Discovery and Optimization of Inhibitors of AAA ATPase p97

p97 modulates protein processes related to protein homeostasis in cancer. It is involved in proteasome-dependent and -independent processes. p97 is required for key pathways that account for clinical efficacy of proteasome inhibitors NF-kB and ERAD but is only required for degradation of a relatively small fraction of proteasome substrates. It may therefore be possible to impact the cancer-relevant UPS functions with good tolerability.

Collaborators

UCSF, UCLA, Caltech

Artemis Endonuclease

Artemis is a nuclease that is critical for the major pathway of double-strand break repair. It is essential for the successful V(D)J recombination in lymphocytes, and it is a particularly valuable therapeutic target for human acute lymphoblastic lymphoma and leukemia. Its activities are also critical for the resection of damaged DNA overhangs generated by etoposide and X-rays.

Collaborators

Sanford-Burnham, Southern Research, SRI-International, USC

ATG4b

ATG4b is a cysteine protease that activates the autophagy-signaling protein LC3 and also cleaves LC3 from lipids; hence, inhibition of ATG4b is expected to halt autophagy and may induce cell death via protein stress. Protein chemistry and structure analysis suggest a mechanism for LC3 binding to ATG4b, providing a new avenue for the discovery of small molecule inhibitors.

Collaborators

Sanford-Burnham Prebys, UCSF

Discovery and Optimization of Inhibitors of STAT3 Activation

The goal of this project is to develop a therapeutic for head and neck squamous cell cancer that acts as an inhibitor of the STAT3 (signal transducer and activator of transcription 3) signaling pathway. STAT3 is a transcription factor that is constitutively activated in several human cancers. Activation of the STAT3 is stimulated by cytokine or growth factor receptors such as IL-6, which leads to phosphorylation of STAT3 by Janus family kinases (JAKs) on a tyrosine residue. Phosphorylated STAT3 moves from the cytosol to the cytoplasm where it undergoes dimerization followed by translocation to the nucleus, where it binds with DNA to initiate transcription of oncogenic genes including Bcl-2, Bcl-xL, Mcl-1, cyclin D1, c-Myc, MMP-2, and VEGF. It is postulated that an inhibitor of the STAT3 pathway could disrupt oncogenic gene expression and therefore act as a therapeutic for a variety of human cancers, including head and neck squamous cell cancer.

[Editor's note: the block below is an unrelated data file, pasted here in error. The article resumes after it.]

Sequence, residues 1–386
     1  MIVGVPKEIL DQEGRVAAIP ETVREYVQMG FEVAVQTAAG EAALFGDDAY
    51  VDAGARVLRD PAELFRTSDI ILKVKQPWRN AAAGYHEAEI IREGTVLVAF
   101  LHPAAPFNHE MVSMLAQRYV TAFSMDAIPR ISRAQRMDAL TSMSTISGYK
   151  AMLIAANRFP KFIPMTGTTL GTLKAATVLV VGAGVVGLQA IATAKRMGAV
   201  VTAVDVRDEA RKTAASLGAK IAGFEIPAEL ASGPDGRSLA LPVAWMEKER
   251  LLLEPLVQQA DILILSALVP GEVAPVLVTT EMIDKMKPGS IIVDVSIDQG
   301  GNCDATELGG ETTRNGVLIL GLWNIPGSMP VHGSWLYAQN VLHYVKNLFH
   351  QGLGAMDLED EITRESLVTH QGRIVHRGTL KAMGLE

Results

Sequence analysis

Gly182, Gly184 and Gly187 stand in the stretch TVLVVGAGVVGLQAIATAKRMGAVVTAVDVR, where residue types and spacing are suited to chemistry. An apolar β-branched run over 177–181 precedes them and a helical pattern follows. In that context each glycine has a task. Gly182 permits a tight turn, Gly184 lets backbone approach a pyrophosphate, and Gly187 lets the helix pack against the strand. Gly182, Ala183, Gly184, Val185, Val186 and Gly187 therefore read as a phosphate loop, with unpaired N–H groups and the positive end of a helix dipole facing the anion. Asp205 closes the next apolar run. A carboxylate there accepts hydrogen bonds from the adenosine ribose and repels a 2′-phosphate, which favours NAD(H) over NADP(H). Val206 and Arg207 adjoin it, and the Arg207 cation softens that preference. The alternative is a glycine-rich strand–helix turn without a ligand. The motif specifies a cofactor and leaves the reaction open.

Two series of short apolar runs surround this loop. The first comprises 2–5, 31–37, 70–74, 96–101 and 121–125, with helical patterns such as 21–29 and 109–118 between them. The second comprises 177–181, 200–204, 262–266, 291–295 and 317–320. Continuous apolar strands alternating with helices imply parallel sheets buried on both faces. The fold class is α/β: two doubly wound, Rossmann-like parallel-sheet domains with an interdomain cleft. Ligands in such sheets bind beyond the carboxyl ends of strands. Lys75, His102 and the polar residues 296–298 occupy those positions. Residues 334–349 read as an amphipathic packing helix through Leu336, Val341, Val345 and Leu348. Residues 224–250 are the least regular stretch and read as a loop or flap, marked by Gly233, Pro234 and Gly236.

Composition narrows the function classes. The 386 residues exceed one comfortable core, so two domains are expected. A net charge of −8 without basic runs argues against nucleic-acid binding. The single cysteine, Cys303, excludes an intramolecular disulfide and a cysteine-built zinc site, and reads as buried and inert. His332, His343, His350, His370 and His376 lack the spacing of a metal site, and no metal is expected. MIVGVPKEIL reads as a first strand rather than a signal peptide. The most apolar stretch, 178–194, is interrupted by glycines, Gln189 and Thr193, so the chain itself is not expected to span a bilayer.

Collaborators

Pittsburgh Specialized Application Center, University of Pittsburgh Drug Discovery Institute, the Grandis group

c-Myc

c-Myc (Myc) is a transcription factor which has been found to be over-expressed and deregulated in many human cancers. Deregulation of the c-Myc oncoprotein leads to gene overexpression and abnormalities of cell growth, survival, differentiation and chromosomal stability. Several of these effects were first described in the work of our collaborator, Ed Prochownik, MD PhD.

Collaborators

Pittsburgh Specialized Application Center, the Prochownik group, Emory Chemical Biology Consortium